WASHINGTON--(BUSINESS WIRE)--Proponents argue in favor of clinical wellness programs while critics argue against them…but never before have both parties opposed each other in a live, unscripted, national forum with the opportunity to rebut.
World Health Care Congress 2020 (WHCC20) is hosting that exact debate “Does Wellness Work?” on March 29th at 3:30 PM at the Marriott Wardman Park in Washington, DC.
The debate –specifically on the topic of whether employer-sponsored clinical wellness programs should be encouraged or discouraged as a matter of policy, based on results to date -- will be moderated by Matthew Rae, an Associate Director at the Kaiser Family Foundation. He observes, “Employers remain really interested in wellness programs; almost 4 in 10 large employers provide an incentive to participate in health screening. This debate will help inform our own viewpoint on these programs.”
Timeliness is key here, as the Equal Employment Opportunity Commission (EEOC) is currently writing new rules on penalties and incentives. EEOC commissioners and staff have been alerted to this debate, and will be tracking the outcome.
There continues to be serious interest in Congress in potentially changing the rules governing wellness programs. As a result, there is great interest in the Senate and the House about wellness. Sen. Lamar Alexander, who leads the Senate Committee Health, Employment, Labor and Pensions (HELP), is expecting that the pro side will win the debate, because he sees "a remarkable consensus that wellness - lifestyle changes like eating healthier and quitting smoking - can prevent serious illness and reduce health care costs. Wellness programs that reward behaviors such as exercising, maintaining a healthy weight, or quitting smoking have the potential to make the workplace healthier, which translates to healthier communities."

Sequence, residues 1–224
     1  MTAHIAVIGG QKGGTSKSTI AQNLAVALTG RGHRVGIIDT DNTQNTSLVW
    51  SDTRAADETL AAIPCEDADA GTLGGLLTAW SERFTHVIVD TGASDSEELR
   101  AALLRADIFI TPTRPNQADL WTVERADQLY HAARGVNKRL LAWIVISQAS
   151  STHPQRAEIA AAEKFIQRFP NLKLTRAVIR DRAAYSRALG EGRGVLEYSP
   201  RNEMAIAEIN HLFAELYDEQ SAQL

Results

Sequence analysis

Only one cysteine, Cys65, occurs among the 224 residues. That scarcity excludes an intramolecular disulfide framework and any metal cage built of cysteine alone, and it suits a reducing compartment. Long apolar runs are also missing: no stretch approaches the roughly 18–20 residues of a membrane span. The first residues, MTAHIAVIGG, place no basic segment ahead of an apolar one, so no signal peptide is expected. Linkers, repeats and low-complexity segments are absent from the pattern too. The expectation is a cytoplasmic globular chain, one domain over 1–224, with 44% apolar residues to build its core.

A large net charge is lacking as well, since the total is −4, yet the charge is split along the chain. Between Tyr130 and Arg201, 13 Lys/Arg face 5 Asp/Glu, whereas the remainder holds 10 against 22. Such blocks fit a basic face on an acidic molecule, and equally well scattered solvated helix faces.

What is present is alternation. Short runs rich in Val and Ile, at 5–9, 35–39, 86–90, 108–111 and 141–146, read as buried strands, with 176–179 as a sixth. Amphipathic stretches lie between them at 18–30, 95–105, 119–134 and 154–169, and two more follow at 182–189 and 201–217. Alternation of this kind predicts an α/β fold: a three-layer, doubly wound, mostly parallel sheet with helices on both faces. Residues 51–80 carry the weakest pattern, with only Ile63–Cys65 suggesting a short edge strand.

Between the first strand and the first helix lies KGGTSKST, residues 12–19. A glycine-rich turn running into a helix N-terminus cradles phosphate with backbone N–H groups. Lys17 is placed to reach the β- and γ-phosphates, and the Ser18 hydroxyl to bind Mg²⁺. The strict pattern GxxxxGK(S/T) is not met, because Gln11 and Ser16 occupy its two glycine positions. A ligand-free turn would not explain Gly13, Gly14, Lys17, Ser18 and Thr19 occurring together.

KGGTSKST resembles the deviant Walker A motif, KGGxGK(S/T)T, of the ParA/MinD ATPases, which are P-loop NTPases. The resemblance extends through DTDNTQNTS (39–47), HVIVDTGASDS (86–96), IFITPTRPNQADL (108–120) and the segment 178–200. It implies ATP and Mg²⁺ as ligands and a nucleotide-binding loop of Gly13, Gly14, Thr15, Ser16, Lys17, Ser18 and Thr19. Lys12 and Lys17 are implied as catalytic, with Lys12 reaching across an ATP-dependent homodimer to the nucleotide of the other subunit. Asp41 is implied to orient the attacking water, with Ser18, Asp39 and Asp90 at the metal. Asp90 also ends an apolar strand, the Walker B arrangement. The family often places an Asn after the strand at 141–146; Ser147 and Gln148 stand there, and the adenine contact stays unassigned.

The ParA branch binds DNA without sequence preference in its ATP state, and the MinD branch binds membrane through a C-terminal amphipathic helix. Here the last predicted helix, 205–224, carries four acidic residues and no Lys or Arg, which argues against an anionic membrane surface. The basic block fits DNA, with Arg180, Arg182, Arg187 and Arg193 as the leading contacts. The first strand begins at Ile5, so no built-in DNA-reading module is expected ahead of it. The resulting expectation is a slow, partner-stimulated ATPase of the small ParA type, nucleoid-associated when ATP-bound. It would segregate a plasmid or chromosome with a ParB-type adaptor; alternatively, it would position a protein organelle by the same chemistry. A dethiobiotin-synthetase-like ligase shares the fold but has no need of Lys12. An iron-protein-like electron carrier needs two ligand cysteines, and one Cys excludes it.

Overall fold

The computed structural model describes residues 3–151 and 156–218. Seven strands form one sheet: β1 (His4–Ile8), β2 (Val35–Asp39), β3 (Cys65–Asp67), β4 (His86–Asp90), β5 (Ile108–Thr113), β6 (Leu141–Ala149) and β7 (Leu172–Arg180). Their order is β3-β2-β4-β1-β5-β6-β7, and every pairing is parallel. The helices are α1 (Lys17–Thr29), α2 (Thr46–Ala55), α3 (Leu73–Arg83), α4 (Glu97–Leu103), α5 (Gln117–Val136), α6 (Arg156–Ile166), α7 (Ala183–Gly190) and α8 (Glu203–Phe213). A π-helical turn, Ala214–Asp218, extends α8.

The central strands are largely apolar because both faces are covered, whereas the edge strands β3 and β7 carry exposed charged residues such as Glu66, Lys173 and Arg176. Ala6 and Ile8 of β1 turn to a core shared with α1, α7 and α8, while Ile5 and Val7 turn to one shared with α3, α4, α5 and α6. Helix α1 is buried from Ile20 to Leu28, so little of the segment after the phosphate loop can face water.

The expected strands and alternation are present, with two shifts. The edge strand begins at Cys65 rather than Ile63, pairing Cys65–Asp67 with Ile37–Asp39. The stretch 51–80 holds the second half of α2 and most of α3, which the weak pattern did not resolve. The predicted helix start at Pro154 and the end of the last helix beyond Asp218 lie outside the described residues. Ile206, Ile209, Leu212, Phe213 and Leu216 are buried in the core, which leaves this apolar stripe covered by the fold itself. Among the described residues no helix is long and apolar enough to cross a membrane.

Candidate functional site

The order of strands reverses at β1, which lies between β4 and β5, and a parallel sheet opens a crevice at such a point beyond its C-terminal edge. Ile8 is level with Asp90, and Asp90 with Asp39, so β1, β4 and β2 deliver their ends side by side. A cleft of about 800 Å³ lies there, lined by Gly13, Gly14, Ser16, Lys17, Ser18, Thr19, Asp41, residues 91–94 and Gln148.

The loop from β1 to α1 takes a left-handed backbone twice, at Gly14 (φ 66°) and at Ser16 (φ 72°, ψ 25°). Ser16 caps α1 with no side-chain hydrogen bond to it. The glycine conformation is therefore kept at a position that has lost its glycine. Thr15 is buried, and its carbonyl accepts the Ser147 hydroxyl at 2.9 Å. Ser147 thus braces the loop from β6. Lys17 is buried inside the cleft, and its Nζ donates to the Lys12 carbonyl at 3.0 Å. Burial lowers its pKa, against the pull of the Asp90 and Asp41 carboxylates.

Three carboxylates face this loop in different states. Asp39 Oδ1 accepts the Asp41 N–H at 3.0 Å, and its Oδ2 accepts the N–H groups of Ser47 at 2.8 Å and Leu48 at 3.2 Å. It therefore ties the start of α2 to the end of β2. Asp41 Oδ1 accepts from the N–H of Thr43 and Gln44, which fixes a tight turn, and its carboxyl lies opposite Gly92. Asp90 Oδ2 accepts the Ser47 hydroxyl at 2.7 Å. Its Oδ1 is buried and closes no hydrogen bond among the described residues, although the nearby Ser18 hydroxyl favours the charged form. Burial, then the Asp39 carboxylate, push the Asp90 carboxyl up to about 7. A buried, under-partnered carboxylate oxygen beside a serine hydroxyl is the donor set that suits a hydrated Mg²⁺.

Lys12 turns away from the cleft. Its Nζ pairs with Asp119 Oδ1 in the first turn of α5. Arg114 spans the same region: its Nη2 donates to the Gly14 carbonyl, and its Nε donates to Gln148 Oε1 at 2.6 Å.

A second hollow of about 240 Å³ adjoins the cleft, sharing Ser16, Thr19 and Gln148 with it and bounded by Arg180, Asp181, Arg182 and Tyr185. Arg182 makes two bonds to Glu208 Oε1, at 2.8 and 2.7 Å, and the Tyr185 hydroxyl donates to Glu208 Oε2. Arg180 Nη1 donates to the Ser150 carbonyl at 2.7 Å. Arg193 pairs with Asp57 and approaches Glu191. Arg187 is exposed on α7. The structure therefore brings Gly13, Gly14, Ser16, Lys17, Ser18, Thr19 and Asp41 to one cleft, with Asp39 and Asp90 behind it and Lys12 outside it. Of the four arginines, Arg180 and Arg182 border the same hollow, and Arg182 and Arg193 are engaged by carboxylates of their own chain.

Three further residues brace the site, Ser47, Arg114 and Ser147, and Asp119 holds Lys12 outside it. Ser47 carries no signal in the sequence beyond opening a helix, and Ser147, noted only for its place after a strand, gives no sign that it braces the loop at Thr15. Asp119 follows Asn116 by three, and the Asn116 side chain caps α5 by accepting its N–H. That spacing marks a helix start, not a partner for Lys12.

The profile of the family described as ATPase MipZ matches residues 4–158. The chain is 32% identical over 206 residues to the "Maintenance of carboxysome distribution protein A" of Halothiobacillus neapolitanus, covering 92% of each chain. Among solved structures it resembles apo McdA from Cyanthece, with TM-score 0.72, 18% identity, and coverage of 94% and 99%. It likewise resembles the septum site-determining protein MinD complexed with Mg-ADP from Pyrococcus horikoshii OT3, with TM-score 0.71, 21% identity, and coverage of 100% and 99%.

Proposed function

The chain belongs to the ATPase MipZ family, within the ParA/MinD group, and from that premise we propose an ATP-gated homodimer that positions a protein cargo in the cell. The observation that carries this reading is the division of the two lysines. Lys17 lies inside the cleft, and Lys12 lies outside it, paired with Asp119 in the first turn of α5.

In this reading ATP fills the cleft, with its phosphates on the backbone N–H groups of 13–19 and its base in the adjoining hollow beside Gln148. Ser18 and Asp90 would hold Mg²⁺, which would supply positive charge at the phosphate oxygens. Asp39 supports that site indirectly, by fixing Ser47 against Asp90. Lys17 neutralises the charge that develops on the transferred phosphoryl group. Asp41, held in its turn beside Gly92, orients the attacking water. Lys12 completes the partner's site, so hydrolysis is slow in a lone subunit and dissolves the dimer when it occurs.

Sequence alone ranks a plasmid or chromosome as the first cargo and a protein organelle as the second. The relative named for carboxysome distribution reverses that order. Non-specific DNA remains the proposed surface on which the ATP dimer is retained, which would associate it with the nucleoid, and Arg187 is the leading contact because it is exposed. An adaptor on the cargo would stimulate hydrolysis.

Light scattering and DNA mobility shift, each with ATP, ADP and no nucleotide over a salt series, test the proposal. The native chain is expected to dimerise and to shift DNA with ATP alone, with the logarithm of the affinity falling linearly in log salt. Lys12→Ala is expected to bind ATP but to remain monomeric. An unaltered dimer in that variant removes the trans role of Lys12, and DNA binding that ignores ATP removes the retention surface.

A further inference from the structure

Rep. Jamie Raskin (D-Md.) is also looking forward to this debate, albeit with a bit more circumspection: “My colleagues on both sides of the aisle are eager to see what happens here when each side gets to rebut the other.”
In a rare instance of bipartisan consensus, Tom Scully, formerly Administrator of the Centers for Medicare and Medicaid Services under President George W. Bush, agreed that it’s time to settle this one way or the other, or build a consensus. “In either my current investor role at Welsh Carson, or as a former CMS Administrator, I’ve always wondered, who could be against wellness? The issue is how do we define it and make the policies effective? And I am always fascinated by that debate.”
This is the closest, until now, that both sides have the opportunity to argue their positions in real time in a national forum.
Members of the media are invited gratis: http://bit.ly/WHCCPress.
Join the health care ecosystem at WHCC20 to discuss their strategic vision and transformative approaches for the future of U.S. health care: http://bit.ly/WHCC20.